If ever there was a time for companies to gather key players from across the organization , take stock, and generate a game plan with proactive strategies, it’s now.

No amount of playtime, golf, jamming in a rock band, or other placebos can substitute for good old fashioned brainstorming to tap into the collective wisdom of your team.


3 thoughts on “Team Building in the Midst of Turbulence

  1. Anne Thornley-Brown, M.B.A. @executiveoasis says:

    First of all, I am a fan of using music for team building and learning and development programmes. Some of the articles I’ve written about using music to enhance the effectiveness of facilitation have been widely circulated on the Internet. In fact, I invited a facilitator and musician to guest blog an entry about music for team building.

    In the scenario I described in the current blog, the rock band activity was getting employees together to jam on a regular basis. No context setting, no debreifn, no brainstorming, no business application exercises.

    Borrowing from my heritage Jamaican heritage I want to go on record and say that “we’re jamming” is fine for socials and recreational activities but just playing in a rock and roll or reggae band is not team building.

    I agree with your distinction between “team building” and “team bonding”. I have often discussed the fact that recreational activities are important for team and organizational health. However, when performance is decilning, priority should be given to getting teams together to get to the root of the problem and generate solutions.

    I have one client who has a very interesting corporate culture. There are a number of musicians in the organization. Whenever I’ve facilitated team building retreats for them, I’ve noticed that, people bring their instruments and have an impromptu jam session after dinner and the evening activities. It’s one of the aspects of the corporate culture that makes this company a special place to work. The key is that this company invsests heavily in “real” team building and never attempts to substitute their jam sessions for team building.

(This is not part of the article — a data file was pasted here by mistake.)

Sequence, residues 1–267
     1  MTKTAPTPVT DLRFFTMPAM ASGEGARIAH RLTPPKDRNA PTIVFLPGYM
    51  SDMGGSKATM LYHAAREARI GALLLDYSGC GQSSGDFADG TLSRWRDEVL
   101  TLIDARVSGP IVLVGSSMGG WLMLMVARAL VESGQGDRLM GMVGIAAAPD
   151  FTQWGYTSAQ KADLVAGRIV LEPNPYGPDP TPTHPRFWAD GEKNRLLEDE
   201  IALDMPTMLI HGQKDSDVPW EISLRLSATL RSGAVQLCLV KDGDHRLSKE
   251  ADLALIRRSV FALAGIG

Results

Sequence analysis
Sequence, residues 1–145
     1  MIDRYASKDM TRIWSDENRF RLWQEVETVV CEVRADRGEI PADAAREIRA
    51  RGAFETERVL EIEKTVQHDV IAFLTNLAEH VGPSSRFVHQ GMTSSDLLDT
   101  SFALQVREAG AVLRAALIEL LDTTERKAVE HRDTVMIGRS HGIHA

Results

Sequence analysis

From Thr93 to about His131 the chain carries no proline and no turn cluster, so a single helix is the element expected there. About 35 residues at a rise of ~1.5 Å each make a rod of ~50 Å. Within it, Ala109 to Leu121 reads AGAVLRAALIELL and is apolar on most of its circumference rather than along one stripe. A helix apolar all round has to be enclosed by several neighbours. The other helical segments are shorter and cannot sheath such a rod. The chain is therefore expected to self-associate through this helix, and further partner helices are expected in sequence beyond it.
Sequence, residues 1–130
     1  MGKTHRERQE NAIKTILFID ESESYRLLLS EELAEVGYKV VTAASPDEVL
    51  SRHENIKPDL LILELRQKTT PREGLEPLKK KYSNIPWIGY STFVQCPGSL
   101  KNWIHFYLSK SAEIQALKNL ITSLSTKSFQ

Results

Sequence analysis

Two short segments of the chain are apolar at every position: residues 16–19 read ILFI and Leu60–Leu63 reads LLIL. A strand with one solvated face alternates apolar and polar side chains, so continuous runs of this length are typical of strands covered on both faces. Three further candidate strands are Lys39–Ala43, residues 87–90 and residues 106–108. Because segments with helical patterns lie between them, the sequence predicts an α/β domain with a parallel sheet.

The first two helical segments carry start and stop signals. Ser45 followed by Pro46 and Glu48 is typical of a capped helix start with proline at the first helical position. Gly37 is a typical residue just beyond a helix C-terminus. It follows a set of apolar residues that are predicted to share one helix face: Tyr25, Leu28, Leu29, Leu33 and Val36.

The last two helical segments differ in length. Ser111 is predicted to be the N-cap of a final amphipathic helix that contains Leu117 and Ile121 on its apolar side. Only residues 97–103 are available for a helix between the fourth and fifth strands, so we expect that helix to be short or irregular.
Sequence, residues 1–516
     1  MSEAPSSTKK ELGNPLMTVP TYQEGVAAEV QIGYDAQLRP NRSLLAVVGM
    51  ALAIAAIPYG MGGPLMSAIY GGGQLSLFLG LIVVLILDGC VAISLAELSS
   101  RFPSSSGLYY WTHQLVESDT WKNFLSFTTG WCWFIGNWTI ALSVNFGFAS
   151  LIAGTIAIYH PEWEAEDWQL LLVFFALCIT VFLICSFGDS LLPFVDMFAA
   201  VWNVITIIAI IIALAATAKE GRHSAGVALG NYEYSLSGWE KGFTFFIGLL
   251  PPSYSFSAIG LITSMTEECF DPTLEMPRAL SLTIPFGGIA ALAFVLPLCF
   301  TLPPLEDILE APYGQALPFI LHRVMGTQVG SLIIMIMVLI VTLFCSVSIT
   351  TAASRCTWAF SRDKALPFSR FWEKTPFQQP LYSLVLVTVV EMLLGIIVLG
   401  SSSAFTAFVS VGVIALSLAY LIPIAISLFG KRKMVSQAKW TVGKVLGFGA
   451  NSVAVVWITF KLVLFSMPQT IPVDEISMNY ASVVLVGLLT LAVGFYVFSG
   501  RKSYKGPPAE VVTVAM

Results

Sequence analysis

The company I described in the current blog entry has been “playing rock star” and engaging in other recreational activities without investing in team building to address their real business issues. I am not surprised that the company is in trouble.

  2. AMT Group (@AMTGroupTeam) says:

    Hey there, overall I agree with your edge. A couple of counterpoints.

    Depends on what the rock band activity was, what it was intended for, and who led it and most importantly, who participated. It could be a massive waste of time and money or it could re-energize a team, improve their focus and inspire creativity. Music is underappreciated and way underused in corporate life.

    Again, though, overall, I like your take on teambuilding. I like to distinguish between team “building” and team “bonding” exercises. Golf, bowling, karaoke, and the like can be good for the latter, and as you say, brainstorming and action planning (I would add “with follow up”) builds teams.

    –Andrew Silberman, AMT Group